Qualcomm to change Snapdragon naming schemes

Chipmaker shifting to a simpler single digit format ahead of next flagship launch

An eye with the number eight, Snapdragon

Qualcomm has announced changes to the way it brands its Snapdragon chips which includes moving away from the three-digit numbering scheme.

The decision comes ahead of the company's next-gen flagship chip, which is set to be unveiled at the Snapdragon Tech Summit at the end of the month. 

Rather than three-digit names, such as the Snapdragon 888, or the Snapdragon 765, the company will use a single digit series and generational number, starting with the soon-to-be launched next 8-series flagship. This was expected to be 'Snapdragon 898 (based on its previous naming pattern). 

Qualcomm hasn't actually revealed the new naming scheme, yet, and is only offering a vague video advert that features the number eight without any context. However, the company does already use generational naming for its PC processors, such as the Snapdragon 8cx Gen 2 and the Snapdragon 7c Gen 2, so the change isn't completely unexpected.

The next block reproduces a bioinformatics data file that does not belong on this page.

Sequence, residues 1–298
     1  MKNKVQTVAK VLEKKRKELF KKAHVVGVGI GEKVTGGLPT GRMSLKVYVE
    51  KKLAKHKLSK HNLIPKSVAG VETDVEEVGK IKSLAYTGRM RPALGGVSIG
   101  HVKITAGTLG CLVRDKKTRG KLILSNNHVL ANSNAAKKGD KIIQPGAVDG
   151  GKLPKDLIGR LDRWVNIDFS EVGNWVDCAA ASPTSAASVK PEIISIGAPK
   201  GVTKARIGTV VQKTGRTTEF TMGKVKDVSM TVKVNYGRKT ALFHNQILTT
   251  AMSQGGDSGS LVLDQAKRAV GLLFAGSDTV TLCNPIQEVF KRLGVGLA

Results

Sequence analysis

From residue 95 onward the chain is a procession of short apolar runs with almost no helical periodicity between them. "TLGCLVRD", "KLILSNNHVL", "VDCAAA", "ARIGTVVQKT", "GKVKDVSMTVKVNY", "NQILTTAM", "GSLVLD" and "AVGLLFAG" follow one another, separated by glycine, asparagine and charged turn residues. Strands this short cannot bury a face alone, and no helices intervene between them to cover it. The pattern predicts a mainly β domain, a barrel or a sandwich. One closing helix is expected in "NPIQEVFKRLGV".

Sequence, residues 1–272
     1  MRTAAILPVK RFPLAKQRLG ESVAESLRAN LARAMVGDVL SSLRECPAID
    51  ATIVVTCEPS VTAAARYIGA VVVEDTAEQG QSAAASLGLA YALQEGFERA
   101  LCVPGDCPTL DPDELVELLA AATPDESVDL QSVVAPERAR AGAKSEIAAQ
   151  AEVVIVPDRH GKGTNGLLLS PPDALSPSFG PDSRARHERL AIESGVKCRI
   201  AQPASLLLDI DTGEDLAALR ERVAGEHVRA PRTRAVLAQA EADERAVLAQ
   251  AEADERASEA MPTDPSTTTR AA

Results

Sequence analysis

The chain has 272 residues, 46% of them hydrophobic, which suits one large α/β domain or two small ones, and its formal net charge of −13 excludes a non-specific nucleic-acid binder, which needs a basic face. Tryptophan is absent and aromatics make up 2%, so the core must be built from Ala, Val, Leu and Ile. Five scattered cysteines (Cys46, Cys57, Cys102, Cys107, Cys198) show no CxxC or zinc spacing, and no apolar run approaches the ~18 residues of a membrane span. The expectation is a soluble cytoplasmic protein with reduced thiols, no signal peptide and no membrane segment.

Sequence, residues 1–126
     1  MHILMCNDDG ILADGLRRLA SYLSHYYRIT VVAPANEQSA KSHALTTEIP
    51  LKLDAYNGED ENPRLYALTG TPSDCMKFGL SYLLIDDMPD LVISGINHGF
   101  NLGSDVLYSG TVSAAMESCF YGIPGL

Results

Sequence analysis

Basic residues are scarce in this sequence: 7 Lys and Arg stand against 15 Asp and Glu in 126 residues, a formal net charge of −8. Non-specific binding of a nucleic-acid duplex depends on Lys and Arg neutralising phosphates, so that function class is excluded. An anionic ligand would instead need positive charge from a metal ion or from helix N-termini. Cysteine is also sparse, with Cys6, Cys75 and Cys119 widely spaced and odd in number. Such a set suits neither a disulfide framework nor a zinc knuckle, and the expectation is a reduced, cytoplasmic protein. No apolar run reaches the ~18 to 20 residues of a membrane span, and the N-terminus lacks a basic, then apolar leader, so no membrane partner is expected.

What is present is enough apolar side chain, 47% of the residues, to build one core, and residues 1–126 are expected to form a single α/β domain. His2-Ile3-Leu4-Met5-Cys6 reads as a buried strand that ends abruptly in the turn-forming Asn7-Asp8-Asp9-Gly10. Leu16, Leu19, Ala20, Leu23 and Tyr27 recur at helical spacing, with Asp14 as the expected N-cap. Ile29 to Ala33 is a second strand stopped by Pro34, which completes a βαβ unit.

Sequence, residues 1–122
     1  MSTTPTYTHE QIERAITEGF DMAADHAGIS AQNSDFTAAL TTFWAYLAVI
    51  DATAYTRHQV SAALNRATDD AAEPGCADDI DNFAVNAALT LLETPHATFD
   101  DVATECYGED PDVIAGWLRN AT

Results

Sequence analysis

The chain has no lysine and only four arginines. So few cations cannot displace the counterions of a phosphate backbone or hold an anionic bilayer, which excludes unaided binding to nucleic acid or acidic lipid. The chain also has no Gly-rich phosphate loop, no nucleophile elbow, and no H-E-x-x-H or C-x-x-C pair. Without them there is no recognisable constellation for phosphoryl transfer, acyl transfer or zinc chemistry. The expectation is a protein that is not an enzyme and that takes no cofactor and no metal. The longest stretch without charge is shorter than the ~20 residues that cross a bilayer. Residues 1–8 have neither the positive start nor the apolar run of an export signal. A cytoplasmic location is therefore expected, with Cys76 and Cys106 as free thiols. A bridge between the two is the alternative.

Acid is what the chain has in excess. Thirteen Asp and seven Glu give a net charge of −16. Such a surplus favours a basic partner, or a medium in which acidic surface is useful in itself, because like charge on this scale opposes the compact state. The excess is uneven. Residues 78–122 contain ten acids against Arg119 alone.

The changes will also include Snapdragon moving further towards a separate, standalone brand, with the 'Qualcomm' logo being removed from the chips.

It's a direction the company has already started moving towards with the Snapdragon 888 Plus badge notably lacking the word "Qualcomm", but today's news officially confirms the plans.

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The change of naming scheme hints that the tech giant was simply running out of numbers with the 8-series lineup on 888, the 7-series already at 780, and the lower 6-series almost finished with the Snapdragon 695. The company is also keen to simplify its naming scheme that can be hard to keep track of. 

With the three-digit names, the first number roughly informed customers how powerful the chip was (the 8-series flagship being the most powerful). The second number indicated the annual generational release, while the final third number showed more minor updates.

Other changes will include the use of gold to denote flagship products and it will also stop explicitly stating "5G" on its chips as it has become "ubiquitous" across its product lineup and will be "a given."

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